“Since the Citizens United decision three years ago, voters have been clear in their disdain for this decision,” said Common Cause President Bob Edgar. “The big question is whether our elected representatives will listen to those voices. Our goal is to build a wave of grassroots support so strong that they cannot ignore it.”
For more information about the Money Out/Voters In Days of Action, please visit http://www.moneyout-votersin.org.
Groups supporting the Money Out/Voters In effort include 350.org, African American Ministers in Action, Campaign for America's Future, Center for Media & Democracy, Citizens For Responsibility and Ethics in Washington (CREW), Coffee Party, Common Cause, Communications Workers of America, Consumer Action, CREDO Action, Demos, Free Speech for People, Friends of the Earth, Global Exchange, Hip Hop Caucus, League of United Latin American Citizens, Move to Amend, MoveOn, NAACP, National People's Action, National Women's Health Network, Oil Change International, Organic Consumers Association, People For the American Way, Public Citizen, Rootstrikers, Stamp Stampede, Sierra Club, Story of Stuff, U.S. PIRG, United for a Fair Economy, United Republic/Represent.Us.
On a weekend that features both the third anniversary of the Supreme Court's decision in Citizens United v. FEC and Martin Luther King, Jr. Day, it is a timely moment to "take the temperature" of our democracy. Dr. King once said, "So long as I do not firmly and irrevocably possess the right to vote, I do not possess myself." What is the status of that right today? Or, to pose a broader question: what is the status of our democracy?
In the past year I worked with a network of 1,100 African American churches and 7,000 pastors to educate, motivate, and turn out our congregations and communities on Election Day. We facilitated hundreds of thousands of voter registrations, made more than a million contacts and even transported over 27,000 people to the polls. While we are proud of the work accomplished this year, it is clear to me -- and to many who facilitated get out the vote work -- that our elections aren't working equally well for everyone. More often than not, those for whom they are not working are people of color.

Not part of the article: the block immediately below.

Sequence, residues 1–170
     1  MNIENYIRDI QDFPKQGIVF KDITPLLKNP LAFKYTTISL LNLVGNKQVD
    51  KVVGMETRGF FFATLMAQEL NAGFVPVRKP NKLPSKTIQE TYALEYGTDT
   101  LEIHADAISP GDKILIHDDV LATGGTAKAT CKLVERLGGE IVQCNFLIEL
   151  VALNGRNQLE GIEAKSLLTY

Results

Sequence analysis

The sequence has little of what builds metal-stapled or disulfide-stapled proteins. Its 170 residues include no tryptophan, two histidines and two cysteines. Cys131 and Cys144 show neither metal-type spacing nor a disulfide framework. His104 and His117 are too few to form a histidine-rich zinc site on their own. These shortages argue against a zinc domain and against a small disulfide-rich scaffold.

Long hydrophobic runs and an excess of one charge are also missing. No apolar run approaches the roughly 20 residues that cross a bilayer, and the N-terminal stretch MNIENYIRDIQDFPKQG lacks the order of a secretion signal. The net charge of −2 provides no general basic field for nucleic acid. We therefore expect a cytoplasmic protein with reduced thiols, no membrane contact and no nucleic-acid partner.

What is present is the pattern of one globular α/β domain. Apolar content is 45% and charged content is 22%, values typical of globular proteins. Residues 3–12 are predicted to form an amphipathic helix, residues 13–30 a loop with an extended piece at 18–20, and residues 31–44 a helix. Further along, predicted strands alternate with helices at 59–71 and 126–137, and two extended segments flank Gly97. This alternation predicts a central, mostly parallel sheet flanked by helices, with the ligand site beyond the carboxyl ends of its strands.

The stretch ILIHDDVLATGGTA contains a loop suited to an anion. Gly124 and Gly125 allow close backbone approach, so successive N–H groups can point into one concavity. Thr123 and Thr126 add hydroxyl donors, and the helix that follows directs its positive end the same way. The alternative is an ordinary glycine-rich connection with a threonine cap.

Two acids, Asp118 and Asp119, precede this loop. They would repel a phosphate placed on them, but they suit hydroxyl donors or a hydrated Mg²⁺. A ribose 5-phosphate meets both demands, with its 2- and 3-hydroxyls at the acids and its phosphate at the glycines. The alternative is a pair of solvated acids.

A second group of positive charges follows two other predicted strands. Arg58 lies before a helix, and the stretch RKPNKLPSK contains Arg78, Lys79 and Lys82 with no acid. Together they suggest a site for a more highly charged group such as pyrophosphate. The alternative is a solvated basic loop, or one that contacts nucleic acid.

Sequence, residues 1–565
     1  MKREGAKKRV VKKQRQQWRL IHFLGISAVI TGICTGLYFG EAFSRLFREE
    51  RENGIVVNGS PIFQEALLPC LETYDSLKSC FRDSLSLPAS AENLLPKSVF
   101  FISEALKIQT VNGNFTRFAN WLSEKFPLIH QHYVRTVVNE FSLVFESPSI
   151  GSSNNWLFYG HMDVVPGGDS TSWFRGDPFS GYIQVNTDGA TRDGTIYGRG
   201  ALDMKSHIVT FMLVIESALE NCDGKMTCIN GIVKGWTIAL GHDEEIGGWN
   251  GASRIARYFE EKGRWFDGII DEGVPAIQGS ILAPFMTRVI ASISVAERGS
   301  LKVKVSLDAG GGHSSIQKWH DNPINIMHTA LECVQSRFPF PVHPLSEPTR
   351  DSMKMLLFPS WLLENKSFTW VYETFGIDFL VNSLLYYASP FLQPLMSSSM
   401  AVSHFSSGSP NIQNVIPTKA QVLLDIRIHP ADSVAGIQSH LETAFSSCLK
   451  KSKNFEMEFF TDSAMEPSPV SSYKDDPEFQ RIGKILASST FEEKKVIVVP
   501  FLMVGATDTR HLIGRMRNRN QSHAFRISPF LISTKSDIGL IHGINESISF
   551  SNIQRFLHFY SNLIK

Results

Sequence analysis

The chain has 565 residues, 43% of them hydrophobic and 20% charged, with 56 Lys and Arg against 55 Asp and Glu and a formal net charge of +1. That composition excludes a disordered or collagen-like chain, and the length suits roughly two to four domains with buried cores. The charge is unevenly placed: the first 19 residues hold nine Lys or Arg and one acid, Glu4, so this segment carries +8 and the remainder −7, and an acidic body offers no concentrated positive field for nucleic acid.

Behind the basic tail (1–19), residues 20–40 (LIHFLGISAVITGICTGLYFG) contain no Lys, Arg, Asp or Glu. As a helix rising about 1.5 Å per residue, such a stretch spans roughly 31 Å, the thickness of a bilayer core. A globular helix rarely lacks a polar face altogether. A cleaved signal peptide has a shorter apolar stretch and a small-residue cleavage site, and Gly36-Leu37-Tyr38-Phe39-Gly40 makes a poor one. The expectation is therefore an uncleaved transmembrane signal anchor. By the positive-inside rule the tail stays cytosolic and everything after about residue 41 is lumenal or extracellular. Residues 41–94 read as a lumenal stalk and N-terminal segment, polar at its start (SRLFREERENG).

One of the reasons is that Americans -- and especially Americans of color -- are questioning whether our voices can be heard over the noise of massive corporate and special interest political spending in the wake of Citizens United. In the last election, more than 1.3 billion dollars of outside money flooded the airwaves, and voters understand that politicians are paying close attention.
Last year the Brennan Center for Justice at New York University School of Law conducted a national survey on American's perceptions of Super PAC spending and the implications for our political system. An overwhelming majority of respondents (77 percent) agreed that members of Congress are "more likely to act in the interest of a group that spent millions to elect them than to act in the public interest." Americans are seeing that excessive special interest spending is overwhelming the voices and priorities of individual voters -- as well they should. I believe that this is especially true for people of color, many of whom are starkly aware of the reality of the lack of power, influence and opportunities often available to us politically.
And as Colorlines' Brentin Mock pointed out, that's all before we even set out to vote. Faith leaders on the ground all across the country who I worked with witnessed the effects of voter suppression tactics such as voter ID laws and early voting restrictions. We all remember seeing photographs of voters standing in six hour long lines until 2:00 am on election night, waiting to cast their ballots even after the presidential election had been called. And a number of new suppressive laws may go into effect this year.
A democracy in which Americans do not have a fair opportunity to have their voices heard -- whether through discriminatory voter suppression tactics or through the overwhelming influence of big money on the political system -- is not a democracy working as it should. It is a democracy in need of healing.
That's why organizers around the country are speaking out this weekend to bring attention to the interrelated attacks on our democracy today. Under the banner of Money Out/Voters In, organizers are hosting "Day of Action" events in more than 76 cities in 33 states. Some of the same faith leaders who devoted their time and energy to GOTV efforts are leading teach-ins this weekend about the dual threats of voter suppression and unlimited corporate and special interest money in politics. As African American faith leaders who value the ideals of justice and fairness, we believe it is our responsibility to advocate for a system that puts electoral power in the hands of everyday Americans rather than corporations.
Perhaps Elder Lee Harris of Jacksonville, Florida -- one of the African American faith leaders organizing voting efforts this fall -- put it best: "We've come too far and fought too hard to let anybody take away our vote again."
What does Citizens United have to do with women’s health care? According to a decision last week from the Seventh Circuit Court of Appeals, perhaps more than you may think.